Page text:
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Facebook CIO says Microsoft 'got cool again'

Mon, 18th Jul 2016
FYI, this story is more than a year old

Microsoft used day two of its Worldwide Partner Conference (WPC) to focus on announcements related to its enterprise business: Azure SQL Data Warehouse is now generally available; Windows Server 2016 and Systems Center 2016 will be released this fall; and enterprise customers get new subscription options for Windows 10 and Surface devices. But it was the Office 365 case study that surprised many onlookers, with Facebook CIO Timothy Campos declaring that Microsoft had got its mojo back and was now “cool again.

Facebook's workforce expects to use the latest, most innovative technology

With Facebook at Work (an enterprise social networking product) poised to enter the market, it was a surprise to see the company's CIO on stage extolling the virtues of Office 365. Facebook has a workforce of 13,000 employees spread across 30 countries, and their mission is to accomplish as much as possible each and every day.

Campos defined Facebook's company culture by the way it gets things done, highlighted by one of its mottos, “be bold and move fast.” Unlike most enterprises, Facebook doesn't presume to know what employees need to use to do their job, so it generally lets staff figure out what works best for them. After all, these are some of the brightest minds in the industry, so they should know.

Facebook is a big data company, so information security management is of prime importance. But information of any kind is of no use if employees can't access it in a secure, fast, and reliable manner from any authorised device. Managing employee mobility is a challenge for Facebook just like every other company, and while there are freedoms and privileges, employees can only access Facebook information from devices that are managed by the company.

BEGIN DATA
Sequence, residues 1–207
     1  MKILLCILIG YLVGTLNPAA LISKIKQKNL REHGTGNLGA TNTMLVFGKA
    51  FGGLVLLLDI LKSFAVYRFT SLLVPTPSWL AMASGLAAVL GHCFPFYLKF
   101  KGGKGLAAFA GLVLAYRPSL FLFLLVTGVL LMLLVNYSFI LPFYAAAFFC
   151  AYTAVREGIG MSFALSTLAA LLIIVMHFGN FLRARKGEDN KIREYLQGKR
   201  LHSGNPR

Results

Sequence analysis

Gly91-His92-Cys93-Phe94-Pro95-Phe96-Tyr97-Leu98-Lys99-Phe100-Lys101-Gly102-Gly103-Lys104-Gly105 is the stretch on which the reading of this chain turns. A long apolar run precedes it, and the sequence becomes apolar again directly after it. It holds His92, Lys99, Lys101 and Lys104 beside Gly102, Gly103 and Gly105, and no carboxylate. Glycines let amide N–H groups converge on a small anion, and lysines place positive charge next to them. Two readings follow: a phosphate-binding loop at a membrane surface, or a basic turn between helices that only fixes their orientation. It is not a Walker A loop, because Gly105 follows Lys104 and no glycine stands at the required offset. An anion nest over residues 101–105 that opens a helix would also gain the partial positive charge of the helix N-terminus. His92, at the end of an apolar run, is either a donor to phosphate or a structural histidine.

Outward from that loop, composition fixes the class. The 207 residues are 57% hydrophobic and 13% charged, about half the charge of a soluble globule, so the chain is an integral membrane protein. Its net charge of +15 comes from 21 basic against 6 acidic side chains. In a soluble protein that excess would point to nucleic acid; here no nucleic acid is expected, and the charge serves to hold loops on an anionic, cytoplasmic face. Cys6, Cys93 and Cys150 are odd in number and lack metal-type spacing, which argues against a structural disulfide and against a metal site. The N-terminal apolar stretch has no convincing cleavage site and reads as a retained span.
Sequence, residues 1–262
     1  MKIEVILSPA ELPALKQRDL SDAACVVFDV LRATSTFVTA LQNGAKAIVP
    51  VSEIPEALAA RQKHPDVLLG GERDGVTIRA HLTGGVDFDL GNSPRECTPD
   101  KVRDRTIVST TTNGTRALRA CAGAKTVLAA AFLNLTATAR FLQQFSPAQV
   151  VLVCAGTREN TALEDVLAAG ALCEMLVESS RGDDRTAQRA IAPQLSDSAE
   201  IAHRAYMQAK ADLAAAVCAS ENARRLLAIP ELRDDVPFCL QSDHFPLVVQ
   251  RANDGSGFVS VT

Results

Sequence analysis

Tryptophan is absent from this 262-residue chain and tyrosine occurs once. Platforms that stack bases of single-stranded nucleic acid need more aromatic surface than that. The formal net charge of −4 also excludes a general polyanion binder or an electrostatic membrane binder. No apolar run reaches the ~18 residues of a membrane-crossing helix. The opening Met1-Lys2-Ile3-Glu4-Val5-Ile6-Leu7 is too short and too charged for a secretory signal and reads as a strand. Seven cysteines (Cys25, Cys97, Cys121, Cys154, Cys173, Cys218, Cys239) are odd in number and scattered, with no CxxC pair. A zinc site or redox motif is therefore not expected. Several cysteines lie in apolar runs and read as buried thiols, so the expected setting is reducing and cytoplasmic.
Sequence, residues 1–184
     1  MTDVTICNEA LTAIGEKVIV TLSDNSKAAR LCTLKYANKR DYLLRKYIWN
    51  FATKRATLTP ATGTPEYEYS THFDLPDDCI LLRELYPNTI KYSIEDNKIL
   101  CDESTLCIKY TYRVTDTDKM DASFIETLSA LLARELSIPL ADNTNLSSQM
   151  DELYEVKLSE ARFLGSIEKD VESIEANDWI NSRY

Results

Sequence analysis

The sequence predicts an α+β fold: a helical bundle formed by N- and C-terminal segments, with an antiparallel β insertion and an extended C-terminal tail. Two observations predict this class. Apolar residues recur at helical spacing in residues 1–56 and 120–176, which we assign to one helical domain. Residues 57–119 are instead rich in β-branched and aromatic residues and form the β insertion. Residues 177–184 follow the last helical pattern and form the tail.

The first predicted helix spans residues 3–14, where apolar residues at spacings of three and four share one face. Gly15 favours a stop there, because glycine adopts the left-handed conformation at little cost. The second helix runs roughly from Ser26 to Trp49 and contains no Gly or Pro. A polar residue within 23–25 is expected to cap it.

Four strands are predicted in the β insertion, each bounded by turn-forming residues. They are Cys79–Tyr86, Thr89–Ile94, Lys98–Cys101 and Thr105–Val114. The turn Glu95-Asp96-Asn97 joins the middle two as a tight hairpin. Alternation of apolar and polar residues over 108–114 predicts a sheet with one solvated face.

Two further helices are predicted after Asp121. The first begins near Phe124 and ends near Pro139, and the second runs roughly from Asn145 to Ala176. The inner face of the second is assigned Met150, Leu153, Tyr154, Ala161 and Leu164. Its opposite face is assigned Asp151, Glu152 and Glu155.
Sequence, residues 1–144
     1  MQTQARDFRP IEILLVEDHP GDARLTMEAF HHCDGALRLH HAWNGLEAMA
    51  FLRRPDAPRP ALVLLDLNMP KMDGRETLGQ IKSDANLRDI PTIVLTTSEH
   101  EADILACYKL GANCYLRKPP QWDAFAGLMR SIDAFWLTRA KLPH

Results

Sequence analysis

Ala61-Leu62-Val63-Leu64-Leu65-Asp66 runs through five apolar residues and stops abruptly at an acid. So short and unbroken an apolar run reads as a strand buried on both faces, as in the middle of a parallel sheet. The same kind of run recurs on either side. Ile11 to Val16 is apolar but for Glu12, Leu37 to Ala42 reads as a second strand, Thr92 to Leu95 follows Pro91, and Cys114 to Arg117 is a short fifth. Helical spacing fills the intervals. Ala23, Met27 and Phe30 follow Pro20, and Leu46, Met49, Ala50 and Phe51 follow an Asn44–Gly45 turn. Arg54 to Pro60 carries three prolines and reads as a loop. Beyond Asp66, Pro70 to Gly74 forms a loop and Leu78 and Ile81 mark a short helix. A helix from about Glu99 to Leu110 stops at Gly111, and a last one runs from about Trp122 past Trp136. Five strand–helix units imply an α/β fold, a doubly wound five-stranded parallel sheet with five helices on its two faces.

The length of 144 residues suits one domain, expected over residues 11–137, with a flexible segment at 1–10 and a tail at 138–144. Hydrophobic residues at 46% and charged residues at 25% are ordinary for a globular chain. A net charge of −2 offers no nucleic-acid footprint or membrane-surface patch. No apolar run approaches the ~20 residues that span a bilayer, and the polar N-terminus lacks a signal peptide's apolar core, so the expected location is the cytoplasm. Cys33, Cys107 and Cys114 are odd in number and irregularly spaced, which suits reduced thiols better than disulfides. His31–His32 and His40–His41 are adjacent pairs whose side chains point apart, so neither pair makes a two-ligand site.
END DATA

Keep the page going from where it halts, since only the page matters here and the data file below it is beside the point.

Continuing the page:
Mobile device management products and enterprise mobility management solutions enable IT departments to control the use of device endpoints by employees in highly flexible ways, supported by policies geared to employee roles, application privileges, and information rights. But the protection of corporate data assets and business applications requires a range of layered threat detection systems, and Facebook has confidence in Microsoft meeting and addressing the advanced security threats of today and, more importantly, of the future. Campos didn't mention Windows 10 during his presentation, but like most enterprises, Facebook will surely be evaluating Windows Defender Advanced Threat Protection (WDATP), with features such as Credential Guard, Device Guard, Windows Hello, and Enterprise Data Protection.

As knowledge workers, Facebook employees spend over four hours a day in collaboration systems and work in a deep data environment. In terms of lightening the cognitive load, Facebook's CIO called out Delve, Clutter, and the Microsoft Graph. These tools and technologies are built into Office 365, and help employees cut through the noise and get to the most relevant information, spending more time working with it and less time searching for it.

As with most high-tech firms, Facebook's workforce expects to use the latest, most innovative technology, and company demographics mean that employees aren't totally reliant on corporate email as a means of doing business. Indeed, Facebook has been using a homegrown enterprise social networking system internally for quite some time, and is about to bring this to market as a commercial product known as Facebook at Work. But email isn't going away anytime soon, and Facebook wants to partner with industry leaders, which means Microsoft and Office 365.

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